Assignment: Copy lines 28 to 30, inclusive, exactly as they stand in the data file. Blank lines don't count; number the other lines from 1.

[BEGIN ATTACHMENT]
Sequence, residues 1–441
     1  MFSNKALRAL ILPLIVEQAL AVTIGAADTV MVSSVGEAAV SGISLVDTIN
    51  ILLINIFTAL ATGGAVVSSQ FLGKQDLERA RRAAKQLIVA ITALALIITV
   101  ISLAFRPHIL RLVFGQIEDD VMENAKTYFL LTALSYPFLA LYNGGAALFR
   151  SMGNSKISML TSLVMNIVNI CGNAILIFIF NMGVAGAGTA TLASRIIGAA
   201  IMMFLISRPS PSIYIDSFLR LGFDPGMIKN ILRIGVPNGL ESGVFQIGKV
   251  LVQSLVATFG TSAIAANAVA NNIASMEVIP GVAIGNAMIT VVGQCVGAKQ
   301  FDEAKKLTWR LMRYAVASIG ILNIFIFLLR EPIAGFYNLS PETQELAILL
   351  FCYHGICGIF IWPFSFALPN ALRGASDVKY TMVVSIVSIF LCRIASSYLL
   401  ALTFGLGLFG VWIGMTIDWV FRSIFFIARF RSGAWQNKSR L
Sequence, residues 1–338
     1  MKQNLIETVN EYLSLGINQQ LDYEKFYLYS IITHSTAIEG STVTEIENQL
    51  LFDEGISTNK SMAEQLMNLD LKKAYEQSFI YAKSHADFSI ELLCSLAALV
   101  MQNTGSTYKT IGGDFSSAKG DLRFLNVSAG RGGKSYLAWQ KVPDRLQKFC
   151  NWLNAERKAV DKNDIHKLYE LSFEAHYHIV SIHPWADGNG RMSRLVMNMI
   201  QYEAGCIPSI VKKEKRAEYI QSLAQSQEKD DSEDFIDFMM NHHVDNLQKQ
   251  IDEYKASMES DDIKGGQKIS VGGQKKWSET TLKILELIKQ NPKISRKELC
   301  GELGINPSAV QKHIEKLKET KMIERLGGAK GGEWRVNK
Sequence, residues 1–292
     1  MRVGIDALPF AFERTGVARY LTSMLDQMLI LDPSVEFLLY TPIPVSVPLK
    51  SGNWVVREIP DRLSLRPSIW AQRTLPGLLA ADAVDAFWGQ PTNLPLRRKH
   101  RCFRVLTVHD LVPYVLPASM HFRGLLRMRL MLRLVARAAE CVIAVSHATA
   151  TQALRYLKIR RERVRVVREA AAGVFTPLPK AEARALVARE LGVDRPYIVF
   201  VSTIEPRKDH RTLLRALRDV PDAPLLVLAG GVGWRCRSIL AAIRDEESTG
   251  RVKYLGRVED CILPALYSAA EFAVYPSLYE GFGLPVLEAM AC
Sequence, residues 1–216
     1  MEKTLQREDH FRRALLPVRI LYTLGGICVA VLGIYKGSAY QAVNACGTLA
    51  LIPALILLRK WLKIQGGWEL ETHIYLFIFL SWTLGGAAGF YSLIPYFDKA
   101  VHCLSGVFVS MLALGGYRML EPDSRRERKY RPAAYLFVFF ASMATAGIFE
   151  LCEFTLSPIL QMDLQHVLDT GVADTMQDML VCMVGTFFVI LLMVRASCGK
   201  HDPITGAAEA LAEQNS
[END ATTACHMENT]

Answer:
    51  LIPALILLRK WLKIQGGWEL ETHIYLFIFL SWTLGGAAGF YSLIPYFDKA
   101  VHCLSGVFVS MLALGGYRML EPDSRRERKY RPAAYLFVFF ASMATAGIFE
   151  LCEFTLSPIL QMDLQHVLDT GVADTMQDML VCMVGTFFVI LLMVRASCGK